100 Years Ago: President and Mrs. Taft Dine at Knox Residence

An interesting society section article in the Washington Post from January 5th, 1912 (I know I’m a day late. I started this last night and set it to post today) mentions that President William Howard Taft — the heaviest president we’ve ever had the pleasure of electing — had dinner the night before at his Secretary of State’s home. Secretary Philander C. Knox and his wife hosted the first couple in the annual winter dinner of cabinet officers, honoring the President and Mrs. Taft (clearly not a tradition that survived across administrations). Below is the excerpt from the Post.

The President and Mrs. Taft were guests at dinner last night of the Secretary of State and Mrs. Knox at their home on K street. The dinner was the first in the series given every winter by cabinet officers in honor of the President and Mrs. Taft. The home of the Secretary and Mrs. Knox, which is one of the handsomest official residences in Washington, was decorated last night with orchids.

The other guests were the British Ambassador and Mrs. Bryce, the German Ambassador and Countess von Bernstorff, the Italian Ambassador and Marchioness Cusani, the Russian Ambassador and Mme. Bakhmeteff, Mr. Justice McKenna and Mrs. McKenna, Senator and Mrs. Warren, Senator and Mrs. Bailey, Mrs. Garrison McClintock, Mr. Horace Taft, and Mr. and Mrs. Hugh S. Knox.

That is an impressive guest list. I’d love to be a fly on the wall at that dinner. I added photos of some of the guests below.

On a more local and little less presidential level, this one caught my eye.

Mr. and Mrs. William Jones have sent out cards for Friday evening, January 12, from 9 until 11 o’clock, at 1709 Q street, where they will introduce their daughter, Miss Anne Seymour Jones. Mrs. Jones and Miss Jones will be at home the third, fourth, and fifth Tuesdays in January.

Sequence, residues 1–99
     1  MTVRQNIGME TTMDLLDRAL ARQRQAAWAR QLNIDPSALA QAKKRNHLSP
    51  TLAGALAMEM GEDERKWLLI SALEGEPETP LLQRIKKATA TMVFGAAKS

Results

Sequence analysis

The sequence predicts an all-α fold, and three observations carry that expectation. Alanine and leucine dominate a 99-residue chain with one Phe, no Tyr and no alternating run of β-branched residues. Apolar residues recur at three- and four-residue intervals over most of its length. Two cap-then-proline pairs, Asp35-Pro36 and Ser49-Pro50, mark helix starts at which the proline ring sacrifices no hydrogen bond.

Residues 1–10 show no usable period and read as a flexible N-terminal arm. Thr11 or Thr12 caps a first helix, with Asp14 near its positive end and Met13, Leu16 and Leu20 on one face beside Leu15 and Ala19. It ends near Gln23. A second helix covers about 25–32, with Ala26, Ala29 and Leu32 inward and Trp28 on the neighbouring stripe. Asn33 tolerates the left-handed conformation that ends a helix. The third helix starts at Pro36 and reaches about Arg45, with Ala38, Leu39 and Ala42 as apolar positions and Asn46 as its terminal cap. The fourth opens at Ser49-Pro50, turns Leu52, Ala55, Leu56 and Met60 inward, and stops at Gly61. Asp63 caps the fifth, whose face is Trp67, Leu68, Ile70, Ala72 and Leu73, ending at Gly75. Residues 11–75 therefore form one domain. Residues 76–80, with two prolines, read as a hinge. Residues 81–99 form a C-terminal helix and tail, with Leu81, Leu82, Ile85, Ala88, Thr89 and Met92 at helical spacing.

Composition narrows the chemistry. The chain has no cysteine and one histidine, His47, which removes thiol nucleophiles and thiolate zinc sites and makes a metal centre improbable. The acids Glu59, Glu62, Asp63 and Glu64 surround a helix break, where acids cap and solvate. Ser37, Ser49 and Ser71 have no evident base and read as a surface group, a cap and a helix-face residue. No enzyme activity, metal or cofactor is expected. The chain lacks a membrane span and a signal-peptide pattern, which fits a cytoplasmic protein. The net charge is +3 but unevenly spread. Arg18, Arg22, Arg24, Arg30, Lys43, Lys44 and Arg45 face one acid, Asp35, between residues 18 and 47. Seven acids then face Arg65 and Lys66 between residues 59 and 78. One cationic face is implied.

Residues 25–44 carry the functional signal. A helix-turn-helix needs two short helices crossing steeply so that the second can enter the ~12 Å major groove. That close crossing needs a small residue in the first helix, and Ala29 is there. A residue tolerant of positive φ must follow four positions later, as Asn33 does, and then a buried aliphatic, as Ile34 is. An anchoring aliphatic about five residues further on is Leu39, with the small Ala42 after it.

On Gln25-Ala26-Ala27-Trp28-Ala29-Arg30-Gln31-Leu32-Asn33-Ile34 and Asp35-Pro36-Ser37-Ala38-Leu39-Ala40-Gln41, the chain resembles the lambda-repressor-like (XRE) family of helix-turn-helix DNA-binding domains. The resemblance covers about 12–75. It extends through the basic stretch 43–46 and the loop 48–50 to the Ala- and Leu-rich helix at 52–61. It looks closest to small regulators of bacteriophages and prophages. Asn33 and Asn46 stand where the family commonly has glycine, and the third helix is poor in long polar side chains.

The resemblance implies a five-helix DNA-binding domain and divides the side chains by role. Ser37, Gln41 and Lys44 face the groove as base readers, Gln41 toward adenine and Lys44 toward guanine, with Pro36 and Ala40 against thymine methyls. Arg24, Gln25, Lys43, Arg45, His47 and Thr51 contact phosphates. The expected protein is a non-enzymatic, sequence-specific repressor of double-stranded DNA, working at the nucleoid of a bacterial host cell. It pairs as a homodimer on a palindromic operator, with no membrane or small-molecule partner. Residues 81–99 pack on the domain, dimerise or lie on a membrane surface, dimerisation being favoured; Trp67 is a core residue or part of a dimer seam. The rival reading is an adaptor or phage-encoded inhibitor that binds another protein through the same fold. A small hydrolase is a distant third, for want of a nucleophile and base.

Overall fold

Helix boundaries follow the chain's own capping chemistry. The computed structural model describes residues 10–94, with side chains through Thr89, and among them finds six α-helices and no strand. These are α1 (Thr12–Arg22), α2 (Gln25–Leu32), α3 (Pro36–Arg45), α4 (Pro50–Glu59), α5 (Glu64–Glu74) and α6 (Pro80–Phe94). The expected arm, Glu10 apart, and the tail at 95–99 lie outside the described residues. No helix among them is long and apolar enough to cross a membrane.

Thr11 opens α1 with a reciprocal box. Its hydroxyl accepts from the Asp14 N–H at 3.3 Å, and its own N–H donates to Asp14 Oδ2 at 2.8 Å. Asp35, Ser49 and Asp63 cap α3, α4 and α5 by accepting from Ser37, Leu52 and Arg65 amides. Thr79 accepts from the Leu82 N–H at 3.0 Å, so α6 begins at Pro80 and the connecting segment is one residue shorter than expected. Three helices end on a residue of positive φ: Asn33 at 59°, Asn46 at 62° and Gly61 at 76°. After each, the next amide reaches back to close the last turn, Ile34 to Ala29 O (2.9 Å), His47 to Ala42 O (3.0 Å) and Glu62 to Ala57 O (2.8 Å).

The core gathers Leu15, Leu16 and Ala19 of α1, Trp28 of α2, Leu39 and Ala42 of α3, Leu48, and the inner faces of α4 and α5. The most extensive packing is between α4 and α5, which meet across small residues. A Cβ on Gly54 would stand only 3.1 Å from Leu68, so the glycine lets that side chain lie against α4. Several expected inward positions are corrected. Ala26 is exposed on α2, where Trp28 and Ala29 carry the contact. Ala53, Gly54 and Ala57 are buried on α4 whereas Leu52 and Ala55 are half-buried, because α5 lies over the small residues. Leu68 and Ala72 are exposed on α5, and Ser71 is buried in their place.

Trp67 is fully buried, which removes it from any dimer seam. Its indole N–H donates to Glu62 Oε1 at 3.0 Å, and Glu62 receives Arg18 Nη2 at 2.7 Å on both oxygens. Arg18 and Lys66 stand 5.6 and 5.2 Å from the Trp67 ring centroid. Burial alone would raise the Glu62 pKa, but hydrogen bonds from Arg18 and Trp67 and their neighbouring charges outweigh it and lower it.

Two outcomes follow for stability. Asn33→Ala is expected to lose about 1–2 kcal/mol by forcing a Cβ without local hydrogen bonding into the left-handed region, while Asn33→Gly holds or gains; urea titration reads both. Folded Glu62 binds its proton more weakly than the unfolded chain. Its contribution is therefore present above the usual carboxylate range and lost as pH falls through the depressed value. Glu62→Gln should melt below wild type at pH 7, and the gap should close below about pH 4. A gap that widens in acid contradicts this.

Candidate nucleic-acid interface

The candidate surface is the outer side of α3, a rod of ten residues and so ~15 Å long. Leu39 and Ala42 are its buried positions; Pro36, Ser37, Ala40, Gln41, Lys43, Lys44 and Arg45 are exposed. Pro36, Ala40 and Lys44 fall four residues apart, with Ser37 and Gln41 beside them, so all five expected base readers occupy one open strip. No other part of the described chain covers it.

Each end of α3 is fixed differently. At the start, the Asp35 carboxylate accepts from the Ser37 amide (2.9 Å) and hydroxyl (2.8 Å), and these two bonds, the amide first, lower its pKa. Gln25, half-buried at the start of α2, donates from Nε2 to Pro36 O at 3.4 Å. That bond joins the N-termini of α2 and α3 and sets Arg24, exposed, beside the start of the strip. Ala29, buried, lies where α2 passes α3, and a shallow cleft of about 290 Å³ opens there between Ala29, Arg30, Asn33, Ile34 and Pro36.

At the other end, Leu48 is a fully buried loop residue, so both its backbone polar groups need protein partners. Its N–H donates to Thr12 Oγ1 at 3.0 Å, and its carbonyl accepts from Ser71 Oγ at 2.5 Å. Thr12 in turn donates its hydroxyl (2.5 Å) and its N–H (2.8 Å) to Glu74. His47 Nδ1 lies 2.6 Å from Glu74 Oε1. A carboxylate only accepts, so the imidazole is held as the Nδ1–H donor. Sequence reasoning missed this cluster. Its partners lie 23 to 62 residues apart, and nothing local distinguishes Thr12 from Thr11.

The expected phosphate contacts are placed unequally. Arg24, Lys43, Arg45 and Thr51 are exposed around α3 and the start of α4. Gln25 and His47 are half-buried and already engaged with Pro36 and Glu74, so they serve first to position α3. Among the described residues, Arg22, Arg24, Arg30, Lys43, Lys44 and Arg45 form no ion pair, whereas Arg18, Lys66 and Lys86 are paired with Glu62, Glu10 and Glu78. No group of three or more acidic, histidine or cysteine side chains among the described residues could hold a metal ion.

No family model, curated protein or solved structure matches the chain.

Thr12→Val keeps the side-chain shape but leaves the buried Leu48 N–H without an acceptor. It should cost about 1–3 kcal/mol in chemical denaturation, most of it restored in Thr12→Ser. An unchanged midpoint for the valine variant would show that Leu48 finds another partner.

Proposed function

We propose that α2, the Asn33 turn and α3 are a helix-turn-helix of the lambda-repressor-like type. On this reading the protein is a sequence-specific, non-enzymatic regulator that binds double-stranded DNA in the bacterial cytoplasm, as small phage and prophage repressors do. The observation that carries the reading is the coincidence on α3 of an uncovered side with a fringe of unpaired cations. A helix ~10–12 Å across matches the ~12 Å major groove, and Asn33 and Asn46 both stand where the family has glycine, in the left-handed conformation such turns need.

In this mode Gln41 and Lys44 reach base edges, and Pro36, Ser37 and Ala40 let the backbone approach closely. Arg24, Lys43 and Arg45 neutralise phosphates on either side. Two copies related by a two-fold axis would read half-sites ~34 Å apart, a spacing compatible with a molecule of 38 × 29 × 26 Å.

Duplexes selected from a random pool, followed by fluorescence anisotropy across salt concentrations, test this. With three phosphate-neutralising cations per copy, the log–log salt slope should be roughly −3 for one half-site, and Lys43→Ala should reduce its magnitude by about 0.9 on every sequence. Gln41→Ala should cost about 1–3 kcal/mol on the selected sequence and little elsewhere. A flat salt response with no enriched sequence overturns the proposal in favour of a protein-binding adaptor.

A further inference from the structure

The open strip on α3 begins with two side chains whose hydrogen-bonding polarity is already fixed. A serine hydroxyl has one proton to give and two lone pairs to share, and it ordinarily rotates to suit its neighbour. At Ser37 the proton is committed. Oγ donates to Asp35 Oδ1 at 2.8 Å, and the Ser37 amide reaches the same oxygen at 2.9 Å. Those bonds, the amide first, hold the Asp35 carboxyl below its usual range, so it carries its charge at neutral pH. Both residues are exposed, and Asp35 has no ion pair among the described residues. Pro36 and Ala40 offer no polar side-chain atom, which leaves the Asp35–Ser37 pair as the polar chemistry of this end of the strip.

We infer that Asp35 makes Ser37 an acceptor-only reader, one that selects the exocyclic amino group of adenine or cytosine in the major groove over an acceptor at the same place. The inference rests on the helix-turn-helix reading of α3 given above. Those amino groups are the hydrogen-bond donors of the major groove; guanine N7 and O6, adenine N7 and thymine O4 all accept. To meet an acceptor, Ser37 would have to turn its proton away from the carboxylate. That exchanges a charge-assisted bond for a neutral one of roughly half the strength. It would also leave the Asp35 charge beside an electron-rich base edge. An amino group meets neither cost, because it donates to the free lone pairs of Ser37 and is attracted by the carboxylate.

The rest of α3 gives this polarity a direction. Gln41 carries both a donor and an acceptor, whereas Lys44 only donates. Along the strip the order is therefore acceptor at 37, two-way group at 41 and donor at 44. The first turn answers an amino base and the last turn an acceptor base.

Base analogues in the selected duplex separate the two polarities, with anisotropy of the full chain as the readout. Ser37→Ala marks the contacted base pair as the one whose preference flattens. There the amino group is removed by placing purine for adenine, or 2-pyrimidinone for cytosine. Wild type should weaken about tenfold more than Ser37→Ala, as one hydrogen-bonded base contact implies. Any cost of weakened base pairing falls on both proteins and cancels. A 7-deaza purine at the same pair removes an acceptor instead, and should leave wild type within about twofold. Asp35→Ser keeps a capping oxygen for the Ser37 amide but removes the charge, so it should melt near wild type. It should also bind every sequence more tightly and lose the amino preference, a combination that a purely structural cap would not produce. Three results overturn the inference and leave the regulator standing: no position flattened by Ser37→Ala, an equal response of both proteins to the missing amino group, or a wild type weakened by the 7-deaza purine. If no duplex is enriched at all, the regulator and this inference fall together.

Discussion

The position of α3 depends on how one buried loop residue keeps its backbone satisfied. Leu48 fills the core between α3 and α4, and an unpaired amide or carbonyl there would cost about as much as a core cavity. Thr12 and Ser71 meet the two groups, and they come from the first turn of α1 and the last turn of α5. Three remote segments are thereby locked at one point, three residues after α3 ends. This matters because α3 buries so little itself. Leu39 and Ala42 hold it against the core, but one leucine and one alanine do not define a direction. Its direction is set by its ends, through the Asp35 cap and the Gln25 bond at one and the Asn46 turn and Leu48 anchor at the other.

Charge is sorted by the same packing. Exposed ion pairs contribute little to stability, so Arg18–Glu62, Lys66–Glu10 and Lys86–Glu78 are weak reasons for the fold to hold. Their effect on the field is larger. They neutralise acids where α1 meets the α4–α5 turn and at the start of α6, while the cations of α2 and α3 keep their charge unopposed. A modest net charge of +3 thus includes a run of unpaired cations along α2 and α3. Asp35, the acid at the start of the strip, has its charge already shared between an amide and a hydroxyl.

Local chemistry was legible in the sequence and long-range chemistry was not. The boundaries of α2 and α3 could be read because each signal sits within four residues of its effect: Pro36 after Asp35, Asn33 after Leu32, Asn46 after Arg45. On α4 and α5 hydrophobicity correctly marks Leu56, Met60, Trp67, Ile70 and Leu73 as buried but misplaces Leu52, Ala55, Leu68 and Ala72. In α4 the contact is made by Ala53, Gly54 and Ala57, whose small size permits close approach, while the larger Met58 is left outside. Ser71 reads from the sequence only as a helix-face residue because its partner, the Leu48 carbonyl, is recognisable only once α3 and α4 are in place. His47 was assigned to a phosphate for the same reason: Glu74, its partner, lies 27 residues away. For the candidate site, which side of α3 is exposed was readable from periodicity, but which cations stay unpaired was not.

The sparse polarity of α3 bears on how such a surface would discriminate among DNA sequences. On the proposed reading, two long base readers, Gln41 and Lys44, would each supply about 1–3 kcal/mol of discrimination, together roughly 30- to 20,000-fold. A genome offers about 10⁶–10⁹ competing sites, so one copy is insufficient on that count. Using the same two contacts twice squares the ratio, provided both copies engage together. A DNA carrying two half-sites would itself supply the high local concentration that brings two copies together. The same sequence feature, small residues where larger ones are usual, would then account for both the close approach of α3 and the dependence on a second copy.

Turns out that this is William Atkinson Jones, a Member of Congress from the Virginia’s 1st District (covering Fredericksburg and some of Newport News). The Jones family was introducing their daughter to D.C. society, likely in the hopes of finding her a husband.

By the way, here is another interesting (and quite macabre) story that happened at 1709 Q street. Seriously, this one is kind of hard to believe.

A couple of years later, Anne was successful in finding herself military man by the name of Lieutenant S. Roland Hopkins, who was stationed at Fort Myer. Fredericksburg’s Free Lance-Star had the engagement announcement in their paper on February 27th, 1915.

Representative and Mrs. William A Jones of Virginia, announce the engagement of their daughter, Miss Anne Seymour Jones, to Lieut. S. Roland Hopkins, Third Field Artillery U.S. Army, now station [sic] at Fort Myer.

The announcement was made at a luncheon in Washington Thursday to a number of close friends, through the happy medium of ices made in the form of engagement rings, with Cupid perched on the rim. This, of course, gave the secret away and the prospective bride was overwhelmed with congratulations and good wishes.

Also, in other world news, January 5th was the beginning of the Prague Party Conference. The significance of this is that this is when Vladimir Lenin and his supporters broke away from the Russian Socialist Democratic Labour Party to form their own, purely Bolshevik party. The Russian Revolution in 1917 led to Ambassador Bakhmeteff being forced to resign his post.

Ambassador George Bakhmeteff standing alongside carriage on which his wife is seated, with dog
Ambassador George Bakhmeteff standing alongside carriage on which his wife is seated, with dog
English: Philander Chase Knox.
Secretery of State Philander C. Knox
William Howard Taft (Bones 1878), son of the s...
President William Howard Taft
Helen Herron Taft
First Lady Helen Herron Taft

About Tom

Tom founded Ghosts of DC on January 4th, 2012 as a blog to uncover the lost and untold history of Washington, D.C. He has lived in the city for over a decade and loves exploring every corner of the District.

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